'It's all connected; a puzzle of a thousand pieces. The world is like ... ten people sat in a canoe. If one stands up, the stability is gone. If one tries to dive in, the rest fall out the other way. But if we all agree to stay sat still and row carefully the canoe keeps going.
'America made a huge mistake when it got clever ... and got oil traded in dollars; it's printed dollars to keep itself a super-power. Conversely, you dumb fucks have done nothing other than sell oil, and build big cities that could never be supported when oil revenue runs out. You're tied together, and both as daft as each other. When one falls, you both fall.
'What Jimmy is trying to do is ... to undo the knot in the rope, and to get us all to 2025 in the fucking canoe together. If he fails, you'll be the first to be destroyed, the very first.'
'Then we have much in common, and much to discuss.'
'He's a time traveller, and he's had that conversation with you before, ' I said, taking a guess. 'Don't come back unless you truly understand the problem, and you're truly willing to cooperate. Start with your fucking clerics.'
They stood. 'And if we do have solid ideas?'
'Then I'll listen, and be just as charming.'
'We would not wish you to change, Mister Holton, ' they said as they left.
Helen came over and sat. In her bikini. 'Well?'
'They know about 2025, but not exactly what. They say they want to cooperate — which means they think we'll keep oil low and their coffers less full. They may come back, or they may just try and shoot us.'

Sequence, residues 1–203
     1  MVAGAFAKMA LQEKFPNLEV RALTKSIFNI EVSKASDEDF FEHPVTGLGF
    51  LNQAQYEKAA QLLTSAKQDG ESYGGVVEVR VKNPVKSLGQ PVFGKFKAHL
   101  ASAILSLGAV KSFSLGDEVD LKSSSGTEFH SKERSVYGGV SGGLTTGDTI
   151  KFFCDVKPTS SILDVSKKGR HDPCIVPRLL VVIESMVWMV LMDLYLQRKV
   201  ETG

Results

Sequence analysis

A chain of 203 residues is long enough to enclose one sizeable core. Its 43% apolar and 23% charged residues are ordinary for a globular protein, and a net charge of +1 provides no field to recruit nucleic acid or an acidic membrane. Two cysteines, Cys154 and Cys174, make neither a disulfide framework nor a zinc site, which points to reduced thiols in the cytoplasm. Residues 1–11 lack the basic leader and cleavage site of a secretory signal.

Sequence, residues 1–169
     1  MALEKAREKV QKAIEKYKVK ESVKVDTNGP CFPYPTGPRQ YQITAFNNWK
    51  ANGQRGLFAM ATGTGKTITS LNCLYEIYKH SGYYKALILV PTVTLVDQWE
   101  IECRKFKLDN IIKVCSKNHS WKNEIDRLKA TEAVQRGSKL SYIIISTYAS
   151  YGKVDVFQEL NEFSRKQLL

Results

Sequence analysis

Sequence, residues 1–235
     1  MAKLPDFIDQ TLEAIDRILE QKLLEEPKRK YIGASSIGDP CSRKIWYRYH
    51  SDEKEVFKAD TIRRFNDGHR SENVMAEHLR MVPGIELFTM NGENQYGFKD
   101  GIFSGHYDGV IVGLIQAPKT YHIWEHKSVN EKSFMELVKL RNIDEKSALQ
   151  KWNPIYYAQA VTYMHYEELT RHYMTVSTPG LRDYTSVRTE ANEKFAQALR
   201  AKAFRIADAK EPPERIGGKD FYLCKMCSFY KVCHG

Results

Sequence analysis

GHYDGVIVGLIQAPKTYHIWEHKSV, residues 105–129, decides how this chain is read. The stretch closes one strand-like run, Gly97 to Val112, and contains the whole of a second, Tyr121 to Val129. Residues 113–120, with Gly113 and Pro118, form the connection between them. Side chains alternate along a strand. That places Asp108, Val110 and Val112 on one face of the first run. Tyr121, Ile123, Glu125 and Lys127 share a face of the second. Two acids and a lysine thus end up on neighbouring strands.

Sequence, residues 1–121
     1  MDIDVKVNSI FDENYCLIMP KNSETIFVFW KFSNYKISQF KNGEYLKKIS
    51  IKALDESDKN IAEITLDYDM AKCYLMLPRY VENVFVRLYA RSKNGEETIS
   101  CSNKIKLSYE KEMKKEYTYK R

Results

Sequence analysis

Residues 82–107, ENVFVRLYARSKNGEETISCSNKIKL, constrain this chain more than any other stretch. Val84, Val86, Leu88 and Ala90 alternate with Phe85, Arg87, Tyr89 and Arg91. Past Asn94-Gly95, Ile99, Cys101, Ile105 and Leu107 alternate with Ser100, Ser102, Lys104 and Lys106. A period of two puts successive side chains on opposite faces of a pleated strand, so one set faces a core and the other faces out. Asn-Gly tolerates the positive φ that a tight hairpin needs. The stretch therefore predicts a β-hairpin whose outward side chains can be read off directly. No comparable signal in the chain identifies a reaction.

When Jimmy returned, two days later, I informed him, but he already seemed to know.
'Where you nice and polite?' he asked.
'And if they want to play ball?' I pressed.
'Their economy is all oil, nothing else. They're in a bad position and they know it, large modern cities with lights on in the desert, squandering money like it flows out of the ground. When the world economy goes to shit they'll hurt quickly.'
The next day, I received an email from one of the Saudi men I met, asking if there was anything specific he could be looking at. I suggested Yemen, and desalination in Jordan, not knowing what would happen — if anything, and left it at that.
Back to school
We flew back to the UK for the start of the school term in September, and heavily tanned. 'Hello stranger, ' we got a lot of around the estate. It felt a little strange to reoccupy the house, but after a day back and we forgot about Goma. It had been a good break, and Jimmy had left us alone for one very good reason: SARS II. He wanted us to have a good break.
A week after we returned, Jimmy emailed the World Health Organisation, asking them to prepare the world for second outbreak of SARS this winter. That evening, the entire country came to a halt, people putting their faces in their hands. The world followed in its despair as the news spread, countries like Singapore traumatised.
Jimmy called a meeting of European Union member representatives, to be held in London, and we journeyed up in the coach a few days later, leaving at 5am. The meeting was held at the club, security tight, the keen police sniffer dogs doing their stuff, noses to the carpet. The ministers arrived in groups for the ten o'clock meeting, drinks and nibbles provided till the latecomers arrived and took their seats in the Red Room.
'Thank you all for coming, ' Jimmy began. 'And I won't keep you too long, not unless you have a long list of difficult questions.
'First, the second SARS outbreak will not be restricted to Asia. This time it will be well spread right around the world, with no particular centre. Rescue Force personnel will not be dispatched, they'll be utilised in their own countries, with Rescue Force Europe responding to the Athens earthquake. May I ask the Greek representative just where you are with your principal evacuation plans?'
The man stood. 'The government and civil servants have moved, as have principal industries and businesses. There are, however, still a quarter of the city's residents either living in the city, or aiming to stay. They believe that they can sleep outside, protect their properties, and rebuild afterwards. Some people reinforce their houses as we speak, and aim to remain.'